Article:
Senior experts working around the world
While demographic developments in Germany have led to a shortage of specialists in many places across the country, the senior expert concept reflects Bosch’s global diversity strategy. “Mixed-age teams are often better equipped to meet a range of customer needs,” says Dr. Georg Hanen, managing director of Bosch Management Support GmbH. “Many senior experts have more than 40 years of Bosch experience under their belts. For this reason, demand for their services is growing in other countries as well. Besides its offices in Germany, BMS also has a presence in Denham, U.K.; Broadview, U.S.; Saitama, Japan; and Campinas, Brazil. Most recently, Bosch opened a BMS office in Bangalore. Hanen predicts that the senior expert model will have a successful future. “Today, every second senior expert is commissioned for a follow-up project, and the numbers continue to increase.”

Internet:
Bosch as an employer: http://bit.ly/1kuDdrM
Diversity at Bosch: http://bit.ly/1oMHOmK

Video:
Bosch’s senior experts at work: Ernst Gründler
http://youtu.be/lQYbAcm-zjc

Background information:
Senior experts at Bosch – Five questions for Robert Hanser
http://bit.ly/1mUKYbE
Diversity management at Bosch – Five questions for Heidi Stock
http://bit.ly/SSDxoR

The Bosch Group is a leading global supplier of technology and services. It employs roughly 375,000 associates worldwide (as of December 31, 2015). The company generated sales of 70.6 billion euros in 2015. Its operations are divided into four business sectors: Mobility Solutions, Industrial Technology, Consumer Goods, and Energy and Building Technology. The Bosch Group comprises Robert Bosch GmbH and its roughly 440 subsidiaries and regional companies in some 60 countries. Including sales and service partners, Bosch’s global manufacturing and sales network covers some 150 countries. The basis for the company’s future growth is its innovative strength. Bosch employs 55,800 associates in research and development at 118 locations across the globe. The Bosch Group’s strategic objective is to deliver innovations for a connected life. Bosch improves quality of life worldwide with products and services that are innovative and spark enthusiasm. In short, Bosch creates technology that is “Invented for life.”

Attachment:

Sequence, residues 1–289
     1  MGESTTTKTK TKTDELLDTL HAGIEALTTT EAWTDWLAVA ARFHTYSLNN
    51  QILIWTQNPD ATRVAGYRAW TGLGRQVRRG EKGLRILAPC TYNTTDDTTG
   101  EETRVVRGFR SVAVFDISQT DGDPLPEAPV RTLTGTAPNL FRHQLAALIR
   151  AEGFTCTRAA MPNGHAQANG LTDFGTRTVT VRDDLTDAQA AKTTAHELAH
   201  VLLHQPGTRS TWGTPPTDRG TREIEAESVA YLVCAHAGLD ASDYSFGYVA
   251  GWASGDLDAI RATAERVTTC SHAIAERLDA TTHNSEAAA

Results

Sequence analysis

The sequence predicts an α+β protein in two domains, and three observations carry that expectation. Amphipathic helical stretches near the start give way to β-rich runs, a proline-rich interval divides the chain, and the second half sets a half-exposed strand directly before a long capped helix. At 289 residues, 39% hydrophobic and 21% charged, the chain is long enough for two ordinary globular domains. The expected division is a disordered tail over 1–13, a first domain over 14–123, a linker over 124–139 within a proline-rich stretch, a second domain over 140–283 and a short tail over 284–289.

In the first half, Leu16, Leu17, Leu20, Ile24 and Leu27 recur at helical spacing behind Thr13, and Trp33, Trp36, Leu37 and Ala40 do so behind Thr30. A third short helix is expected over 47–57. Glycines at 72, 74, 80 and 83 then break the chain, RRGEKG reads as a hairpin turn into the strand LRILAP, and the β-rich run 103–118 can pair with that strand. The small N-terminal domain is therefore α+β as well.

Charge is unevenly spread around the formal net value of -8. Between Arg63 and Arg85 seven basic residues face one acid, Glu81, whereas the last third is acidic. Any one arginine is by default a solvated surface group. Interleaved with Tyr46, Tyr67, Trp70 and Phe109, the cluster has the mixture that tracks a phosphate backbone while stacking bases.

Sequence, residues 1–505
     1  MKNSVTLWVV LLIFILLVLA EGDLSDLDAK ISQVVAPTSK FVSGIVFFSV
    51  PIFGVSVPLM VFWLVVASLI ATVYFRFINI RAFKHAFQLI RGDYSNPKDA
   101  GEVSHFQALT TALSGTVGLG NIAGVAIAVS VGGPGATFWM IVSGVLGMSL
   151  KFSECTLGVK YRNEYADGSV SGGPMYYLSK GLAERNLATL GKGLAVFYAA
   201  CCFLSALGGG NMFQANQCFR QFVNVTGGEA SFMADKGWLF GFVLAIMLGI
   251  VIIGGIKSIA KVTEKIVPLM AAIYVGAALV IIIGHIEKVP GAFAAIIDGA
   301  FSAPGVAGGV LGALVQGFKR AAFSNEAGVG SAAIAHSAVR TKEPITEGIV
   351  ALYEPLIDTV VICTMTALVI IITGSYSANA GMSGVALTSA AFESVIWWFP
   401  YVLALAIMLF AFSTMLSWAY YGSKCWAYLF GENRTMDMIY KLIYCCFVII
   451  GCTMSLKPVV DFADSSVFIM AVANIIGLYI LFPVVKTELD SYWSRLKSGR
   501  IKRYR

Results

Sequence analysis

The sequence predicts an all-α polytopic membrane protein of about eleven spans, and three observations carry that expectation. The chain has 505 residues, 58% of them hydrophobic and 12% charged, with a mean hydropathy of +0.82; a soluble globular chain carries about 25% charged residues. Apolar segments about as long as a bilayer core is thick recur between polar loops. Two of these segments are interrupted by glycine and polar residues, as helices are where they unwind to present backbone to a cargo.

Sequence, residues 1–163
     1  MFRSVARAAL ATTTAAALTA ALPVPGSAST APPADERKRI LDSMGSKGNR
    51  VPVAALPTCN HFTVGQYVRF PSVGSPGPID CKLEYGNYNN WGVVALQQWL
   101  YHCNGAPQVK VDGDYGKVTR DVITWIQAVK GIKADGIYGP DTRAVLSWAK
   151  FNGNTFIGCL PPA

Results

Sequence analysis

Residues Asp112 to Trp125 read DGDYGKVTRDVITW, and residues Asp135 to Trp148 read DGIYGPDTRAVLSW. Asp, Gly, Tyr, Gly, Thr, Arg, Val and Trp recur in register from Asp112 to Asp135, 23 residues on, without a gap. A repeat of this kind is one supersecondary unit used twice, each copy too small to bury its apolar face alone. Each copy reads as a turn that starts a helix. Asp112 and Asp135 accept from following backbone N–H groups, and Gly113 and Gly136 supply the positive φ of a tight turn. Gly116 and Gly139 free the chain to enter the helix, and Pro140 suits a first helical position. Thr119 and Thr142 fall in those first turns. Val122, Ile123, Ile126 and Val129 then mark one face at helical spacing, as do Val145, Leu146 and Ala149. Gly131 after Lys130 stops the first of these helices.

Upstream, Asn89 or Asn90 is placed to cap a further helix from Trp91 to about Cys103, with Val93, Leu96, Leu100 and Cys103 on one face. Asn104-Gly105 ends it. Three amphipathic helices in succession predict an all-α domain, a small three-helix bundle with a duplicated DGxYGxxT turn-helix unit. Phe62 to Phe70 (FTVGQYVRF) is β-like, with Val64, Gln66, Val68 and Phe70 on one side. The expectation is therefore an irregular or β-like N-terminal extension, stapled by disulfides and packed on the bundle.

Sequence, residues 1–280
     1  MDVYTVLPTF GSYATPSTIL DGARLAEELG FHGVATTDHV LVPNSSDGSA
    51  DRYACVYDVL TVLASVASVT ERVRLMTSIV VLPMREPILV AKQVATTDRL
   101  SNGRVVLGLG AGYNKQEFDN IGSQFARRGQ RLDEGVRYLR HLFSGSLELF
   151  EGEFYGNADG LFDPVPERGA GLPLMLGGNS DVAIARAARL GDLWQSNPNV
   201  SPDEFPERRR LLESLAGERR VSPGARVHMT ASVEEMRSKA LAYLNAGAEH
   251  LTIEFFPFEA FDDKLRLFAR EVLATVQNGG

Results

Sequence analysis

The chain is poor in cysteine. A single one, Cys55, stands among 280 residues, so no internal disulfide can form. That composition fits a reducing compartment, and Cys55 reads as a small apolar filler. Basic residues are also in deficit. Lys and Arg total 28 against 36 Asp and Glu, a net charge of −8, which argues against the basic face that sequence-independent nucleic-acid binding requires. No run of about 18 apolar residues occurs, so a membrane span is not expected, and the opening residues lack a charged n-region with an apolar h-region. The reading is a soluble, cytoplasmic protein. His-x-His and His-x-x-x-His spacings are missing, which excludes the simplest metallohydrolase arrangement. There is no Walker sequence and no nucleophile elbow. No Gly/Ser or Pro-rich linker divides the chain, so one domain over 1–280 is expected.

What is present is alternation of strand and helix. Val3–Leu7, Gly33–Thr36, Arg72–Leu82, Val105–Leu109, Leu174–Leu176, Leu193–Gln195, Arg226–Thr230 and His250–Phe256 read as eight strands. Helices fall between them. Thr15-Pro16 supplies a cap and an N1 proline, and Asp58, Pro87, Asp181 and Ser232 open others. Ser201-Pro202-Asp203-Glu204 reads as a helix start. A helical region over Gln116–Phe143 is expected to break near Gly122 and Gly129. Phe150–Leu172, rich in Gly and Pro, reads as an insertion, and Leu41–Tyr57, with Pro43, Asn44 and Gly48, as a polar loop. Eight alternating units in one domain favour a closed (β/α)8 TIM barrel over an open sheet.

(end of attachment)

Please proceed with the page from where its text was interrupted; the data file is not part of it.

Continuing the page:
The company was set up in Stuttgart in 1886 by Robert Bosch (1861-1942) as “Workshop for Precision Mechanics and Electrical Engineering.” The special ownership structure of Robert Bosch GmbH guarantees the entrepreneurial freedom of the Bosch Group, making it possible for the company to plan over the long term and to undertake significant up-front investments in the safeguarding of its future. Ninety-two percent of the share capital of Robert Bosch GmbH is held by Robert Bosch Stiftung GmbH, a charitable foundation. The majority of voting rights are held by Robert Bosch Industrietreuhand KG, an industrial trust. The entrepreneurial ownership functions are carried out by the trust. The remaining shares are held by the Bosch family and by Robert Bosch GmbH.

Additional information is available online at www.bosch.com and www.bosch-press.com, http://twitter.com/BoschPresse.

PI8629 - July 21, 2014